On the right ear cup, you will find the power button, 3 EQ settings and a volume wheel. The 3 EQ settings do a good job in defining 3 different sound profiles which are sufficient to give you an enjoyable experience for your music, movies and gaming use.
On the left ear cup you will find the microUSB slot to charge the headset, and the cable slot for chat which will hook up to your controller from this slot on your headset. So whilst the audio to the headset is fully wireless, you still need the headset connected to the controller for chat.
Looks & Comfort
As we said with the SteelSeries H, the Astro A50 looks sublime and whilst the SteelSeries H has a more professional look and feel to it, and the Corsair Vengeance 2100 a more industrial mechanical design to it, the Astro A50, unquestionably looks like a gaming headset and of the three, the one that looks dedicated for gaming.
Whilst heavier than the other two headsets, the Astro A50 is fairly lightweight at just over 350g but it does not feel all that bulky unlike some competitors out there such as Turtle Beach. The various colour schemes available are also not as extravagant as what you might expect with the range of Turtle Beach headsets.
The Astro Gaming A50 Wireless headset feels very robust and it uses metal/chrome side arms to give it strength and adjustability. There isn’t much clamp pressure on the headset and they may feel slightly loose but it just takes some getting used to and they never feel as though they are capable of slipping of your head thanks to the adjustable arms.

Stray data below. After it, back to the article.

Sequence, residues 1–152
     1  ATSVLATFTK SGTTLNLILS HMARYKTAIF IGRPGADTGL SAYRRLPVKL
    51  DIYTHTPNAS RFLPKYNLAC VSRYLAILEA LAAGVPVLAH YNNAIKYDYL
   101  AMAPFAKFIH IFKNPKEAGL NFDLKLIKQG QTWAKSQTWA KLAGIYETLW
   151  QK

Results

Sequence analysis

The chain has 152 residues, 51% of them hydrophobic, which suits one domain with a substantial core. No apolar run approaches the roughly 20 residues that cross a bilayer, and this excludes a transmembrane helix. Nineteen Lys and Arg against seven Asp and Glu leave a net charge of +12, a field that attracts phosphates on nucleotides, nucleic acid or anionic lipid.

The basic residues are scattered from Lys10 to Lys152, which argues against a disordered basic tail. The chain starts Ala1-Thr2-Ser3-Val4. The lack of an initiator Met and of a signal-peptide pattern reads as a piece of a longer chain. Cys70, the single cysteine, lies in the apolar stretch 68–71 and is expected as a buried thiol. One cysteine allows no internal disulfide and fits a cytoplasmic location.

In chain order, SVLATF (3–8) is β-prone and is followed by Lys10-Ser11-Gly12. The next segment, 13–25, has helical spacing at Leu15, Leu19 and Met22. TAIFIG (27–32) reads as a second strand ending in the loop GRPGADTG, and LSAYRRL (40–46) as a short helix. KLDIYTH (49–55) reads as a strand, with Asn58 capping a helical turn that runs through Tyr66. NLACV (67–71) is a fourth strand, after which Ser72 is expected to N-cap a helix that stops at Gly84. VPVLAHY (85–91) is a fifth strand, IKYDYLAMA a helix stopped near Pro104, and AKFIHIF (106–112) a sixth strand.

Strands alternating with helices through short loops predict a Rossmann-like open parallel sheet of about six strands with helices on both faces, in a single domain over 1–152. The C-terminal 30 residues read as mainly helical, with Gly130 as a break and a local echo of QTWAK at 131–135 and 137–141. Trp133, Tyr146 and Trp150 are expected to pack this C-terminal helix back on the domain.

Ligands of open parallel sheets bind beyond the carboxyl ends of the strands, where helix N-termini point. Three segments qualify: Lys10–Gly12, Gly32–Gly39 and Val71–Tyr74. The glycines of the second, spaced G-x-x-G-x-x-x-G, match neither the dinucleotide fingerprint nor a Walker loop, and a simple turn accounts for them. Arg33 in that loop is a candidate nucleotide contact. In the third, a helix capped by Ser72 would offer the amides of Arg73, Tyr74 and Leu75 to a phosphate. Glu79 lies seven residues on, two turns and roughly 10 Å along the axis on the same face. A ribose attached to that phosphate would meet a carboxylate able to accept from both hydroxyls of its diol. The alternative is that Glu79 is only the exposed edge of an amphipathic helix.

The material on the earcups are soft and comfortable and use a microfibre foam cushion which helps with long gaming sessions. The headset itself has a nice soft matte feel to it.
As with the previous version, the microphone is not detachable and clicks on and off as you pull it down towards your mouth and back up. Not being detachable might be inconvenient if you are not a big online chat guy or use it to watch movies with and have a tendency (like me) to nod off with them on – you can risk breaking it off.
There is adequate flexibility built in to the mic to allow you to adjust the distance of it from your mouth but the quality is not great which we will come to in the mic test further down
The biggest complaint with the Astro A50, beside the charging solution is the microphone. It is not that it’s really bad but rather it’s just not very good and does not massively improve on its predecessor. Your voice can be heard online and so it does its job, but given this is the Gen2 model, we were expecting a lot more from it. We would say it has little or no improvement of on the first model and probably not all that better than the Astro A40 mic.